Observation 118461: Lactarius Pers.
When: 2012-11-30
No herbarium specimen

Notes: slow white unchanging milk, no flavor or odor. with Douglas fir. Cap surface looks and feels “felty” or woolly.

Proposed Names

28% (1)
Eye3 Eyes3
Recognized by sight
-19% (3)
Recognized by sight: The cap can be quite variable, but the white latex and orange gills, plus orange-tinted glandules on the stipe are descriptive.
28% (1)
Recognized by sight: Smith described this variety from northern CA, I’ll post the description in a comment.

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Eye3 = Observer’s choice
Eyes3 = Current consensus


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Hesler & Smith’s description
By: Noah Siegel (Noah)
2013-02-08 21:16:06 PST (-0800)

Pileus 4-10 cm broad, at first plane to slightly depressed, broadly depressed in age or with an uplifted margin causing cap to appear vase-shaped, glabrous and slimy, azonate to subzonate near the margin, color “army-brown” to “sorghum brown” (deep vinaceous-brown), margin minutely tomentose at first. Context whitish, rather thin, brittle, odor faint, taste very sharply acrid; latex white, unchanging and not staining.

Lamellae crowded, narrow, adnate, many forked near the stipe, pale yellow (“warm buff”),gradually becoming “ochraceous-buff” and finally “Sayal-brown” (dull cinnamon), not spotted.

Stipe 4-7 (10) cm long, 1-2.5 cm thick, tapering below, glabrous, dry and unpolished, concolorous with gills or darker, sometimes scrobiculate, stuffed becoming hollow.

Spores 6.5-8 X 6-7 Au, globose to broadly ellipsoid, reticulate or marked with broken lines to form an incomplete reticulum; prominences + 0.5,u high. Basidia 4-spored. Pleurocystidia: macrocystidia 52-70 X 7-12 /i, fusoid to aciculate; pseudocystidia filamentose, rare. Cheilocystidia similar to macrocystidia but smaller. Pileus trama heteromerous. Cuticle of pileus a collapsing ixotrichoderm of narrow (2-3.5, wide) hyphae (in revived sections often appearing as an ixolattice or ixocutis). Stipe cuticle a simple cutis.

Habit, habitat, and distribution.
-Gregarious under conifers (including Sequoia, redwood) near Trinidad, California, Nov. 12, 1937, Smith 8658 (type, MICH). Observations.-This variety should probably be given species rank, but in view of the intricate pattern of variation in this stirps we prefer not to do so at present. The lamellae which become dull cinnamon in age and are yellow at first, the dry stipe (a feature of doubtful value in this group, only a faint odor when fresh, and nonspotting gills are possibly distinctive.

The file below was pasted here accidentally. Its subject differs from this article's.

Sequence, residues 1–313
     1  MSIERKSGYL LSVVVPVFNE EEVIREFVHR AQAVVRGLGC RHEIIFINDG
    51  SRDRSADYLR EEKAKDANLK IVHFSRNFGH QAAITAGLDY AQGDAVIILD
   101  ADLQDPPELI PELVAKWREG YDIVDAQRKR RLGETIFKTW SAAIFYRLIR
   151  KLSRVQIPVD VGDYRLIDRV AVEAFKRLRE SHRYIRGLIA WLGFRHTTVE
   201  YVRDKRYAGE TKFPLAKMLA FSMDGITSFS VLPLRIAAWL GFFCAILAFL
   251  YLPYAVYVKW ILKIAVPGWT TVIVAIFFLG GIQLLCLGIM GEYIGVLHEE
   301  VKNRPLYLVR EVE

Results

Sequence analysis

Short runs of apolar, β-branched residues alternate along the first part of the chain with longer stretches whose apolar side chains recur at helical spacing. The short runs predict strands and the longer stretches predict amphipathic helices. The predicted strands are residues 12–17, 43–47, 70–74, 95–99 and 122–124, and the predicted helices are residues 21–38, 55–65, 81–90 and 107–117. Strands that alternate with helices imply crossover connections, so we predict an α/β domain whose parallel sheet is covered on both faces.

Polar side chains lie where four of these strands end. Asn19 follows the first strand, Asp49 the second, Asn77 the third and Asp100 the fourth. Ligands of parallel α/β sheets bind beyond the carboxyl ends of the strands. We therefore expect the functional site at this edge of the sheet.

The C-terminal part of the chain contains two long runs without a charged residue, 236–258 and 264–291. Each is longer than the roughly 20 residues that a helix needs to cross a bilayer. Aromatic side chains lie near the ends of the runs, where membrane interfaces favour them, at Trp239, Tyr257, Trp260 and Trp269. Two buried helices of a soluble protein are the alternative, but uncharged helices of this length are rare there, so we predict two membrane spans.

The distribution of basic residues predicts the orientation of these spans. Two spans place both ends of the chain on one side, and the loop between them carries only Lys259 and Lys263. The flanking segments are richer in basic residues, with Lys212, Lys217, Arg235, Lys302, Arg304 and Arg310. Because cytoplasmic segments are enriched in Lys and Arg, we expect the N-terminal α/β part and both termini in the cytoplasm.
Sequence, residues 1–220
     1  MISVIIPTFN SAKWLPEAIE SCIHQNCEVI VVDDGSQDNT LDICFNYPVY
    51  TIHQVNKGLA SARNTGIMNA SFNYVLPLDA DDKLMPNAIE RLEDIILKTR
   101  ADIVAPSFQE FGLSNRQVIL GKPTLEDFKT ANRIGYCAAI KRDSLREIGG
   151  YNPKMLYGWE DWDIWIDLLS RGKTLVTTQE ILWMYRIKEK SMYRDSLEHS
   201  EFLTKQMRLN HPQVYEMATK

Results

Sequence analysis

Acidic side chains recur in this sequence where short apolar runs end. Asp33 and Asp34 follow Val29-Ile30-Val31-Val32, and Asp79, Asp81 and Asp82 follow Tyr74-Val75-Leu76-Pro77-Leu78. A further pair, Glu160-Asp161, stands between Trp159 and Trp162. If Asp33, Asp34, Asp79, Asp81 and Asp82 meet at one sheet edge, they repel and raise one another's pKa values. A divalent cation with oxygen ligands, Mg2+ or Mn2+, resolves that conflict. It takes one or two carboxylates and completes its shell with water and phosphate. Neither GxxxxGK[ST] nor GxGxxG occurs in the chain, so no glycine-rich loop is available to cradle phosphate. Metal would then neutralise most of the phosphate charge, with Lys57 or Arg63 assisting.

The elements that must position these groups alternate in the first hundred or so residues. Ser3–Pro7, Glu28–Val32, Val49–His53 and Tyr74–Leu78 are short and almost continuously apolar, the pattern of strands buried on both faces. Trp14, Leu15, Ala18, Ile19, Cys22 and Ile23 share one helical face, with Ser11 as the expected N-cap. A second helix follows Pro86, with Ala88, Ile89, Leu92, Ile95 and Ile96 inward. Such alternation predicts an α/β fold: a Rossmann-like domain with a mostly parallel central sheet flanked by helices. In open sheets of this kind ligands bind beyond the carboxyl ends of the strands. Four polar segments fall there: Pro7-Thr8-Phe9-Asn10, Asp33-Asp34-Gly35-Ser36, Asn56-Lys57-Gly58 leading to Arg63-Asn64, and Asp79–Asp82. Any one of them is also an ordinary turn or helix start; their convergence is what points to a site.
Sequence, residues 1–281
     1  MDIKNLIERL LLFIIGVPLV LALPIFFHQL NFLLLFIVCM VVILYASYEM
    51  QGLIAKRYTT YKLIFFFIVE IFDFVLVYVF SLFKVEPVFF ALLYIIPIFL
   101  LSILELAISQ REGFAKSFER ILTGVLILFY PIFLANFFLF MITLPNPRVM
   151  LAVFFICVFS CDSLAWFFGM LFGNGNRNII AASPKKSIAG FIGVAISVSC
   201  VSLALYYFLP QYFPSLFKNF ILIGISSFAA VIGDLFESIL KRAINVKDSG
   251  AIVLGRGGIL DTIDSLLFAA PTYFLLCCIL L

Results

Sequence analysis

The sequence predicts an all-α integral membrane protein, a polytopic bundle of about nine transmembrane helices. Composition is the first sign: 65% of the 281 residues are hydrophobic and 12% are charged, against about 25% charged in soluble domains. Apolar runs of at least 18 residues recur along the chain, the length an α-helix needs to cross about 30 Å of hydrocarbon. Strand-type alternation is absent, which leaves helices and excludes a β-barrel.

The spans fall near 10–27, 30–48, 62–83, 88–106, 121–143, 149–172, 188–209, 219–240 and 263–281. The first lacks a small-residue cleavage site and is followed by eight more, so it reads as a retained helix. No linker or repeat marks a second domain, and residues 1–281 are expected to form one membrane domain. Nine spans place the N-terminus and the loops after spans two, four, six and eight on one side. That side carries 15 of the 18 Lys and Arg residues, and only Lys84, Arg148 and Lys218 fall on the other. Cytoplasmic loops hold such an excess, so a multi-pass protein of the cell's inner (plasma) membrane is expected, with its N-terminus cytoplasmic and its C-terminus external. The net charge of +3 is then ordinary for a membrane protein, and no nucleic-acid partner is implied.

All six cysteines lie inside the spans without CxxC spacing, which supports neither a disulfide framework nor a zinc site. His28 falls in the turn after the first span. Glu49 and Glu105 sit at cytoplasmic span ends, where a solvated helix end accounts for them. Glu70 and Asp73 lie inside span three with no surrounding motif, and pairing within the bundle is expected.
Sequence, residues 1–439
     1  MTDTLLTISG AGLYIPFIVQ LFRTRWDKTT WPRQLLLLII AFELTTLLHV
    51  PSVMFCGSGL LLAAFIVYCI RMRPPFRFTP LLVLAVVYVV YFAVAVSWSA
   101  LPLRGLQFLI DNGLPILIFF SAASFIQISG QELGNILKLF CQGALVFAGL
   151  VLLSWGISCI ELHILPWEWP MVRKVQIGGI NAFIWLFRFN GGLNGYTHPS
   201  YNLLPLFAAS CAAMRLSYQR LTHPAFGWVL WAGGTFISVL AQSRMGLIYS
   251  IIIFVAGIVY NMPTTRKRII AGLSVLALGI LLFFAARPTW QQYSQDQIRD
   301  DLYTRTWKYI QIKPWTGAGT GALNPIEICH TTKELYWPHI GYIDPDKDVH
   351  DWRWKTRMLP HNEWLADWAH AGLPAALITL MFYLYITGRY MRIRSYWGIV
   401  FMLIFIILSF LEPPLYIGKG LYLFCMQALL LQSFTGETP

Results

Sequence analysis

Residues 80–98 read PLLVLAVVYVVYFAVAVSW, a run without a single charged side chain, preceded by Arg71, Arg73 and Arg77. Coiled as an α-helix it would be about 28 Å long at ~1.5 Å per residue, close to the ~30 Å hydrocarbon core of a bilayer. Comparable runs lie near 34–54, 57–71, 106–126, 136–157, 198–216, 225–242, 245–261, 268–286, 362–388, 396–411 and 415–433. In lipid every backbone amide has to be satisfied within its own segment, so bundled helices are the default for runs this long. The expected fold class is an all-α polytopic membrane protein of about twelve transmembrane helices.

Lactarius deliciosus var. olivaceosordidus
By: Britney Ramsey (Riverdweller)
2012-12-01 14:10:11 PST (-0800)

Looks similar in some ways but there’s no taste or smell and the latex is white. Stumped.

Green staining of L. deliosus
By: Daniel B. Wheeler (Tuberale)
2012-12-01 14:03:13 PST (-0800)

is not consistent. Arora says “surface … often zoned; color variable: dull orange to carrot-orange or orange-brown, sometimes blotched with or entirely green; gading in age or dry weather to brownish, gray, dull greenish-gay, or even yellowish …” He says of the gills: “…yellowish or orange-buff, greenish where wounded …” L. deliciosus does not always stain green in Oregon, at least. Even when bruised or “wounded”. Arora also says the latex is “scant”, but I have seen it sometimes rather abundant. Whether this variation is a difference in latitude or something else is still questioned.

By: Britney Ramsey (Riverdweller)
2012-12-01 11:45:06 PST (-0800)

There is no green staining on this mushroom nor is the milk carrot orange nor any part of the fruit body. The surface of the cap is visibly woolly/felty/fibrillose.

Created: 2012-11-30 18:29:26 PST (-0800)
Last modified: 2013-02-08 21:16:18 PST (-0800)
Viewed: 69 times, last viewed: 2016-10-25 01:22:11 PDT (-0700)
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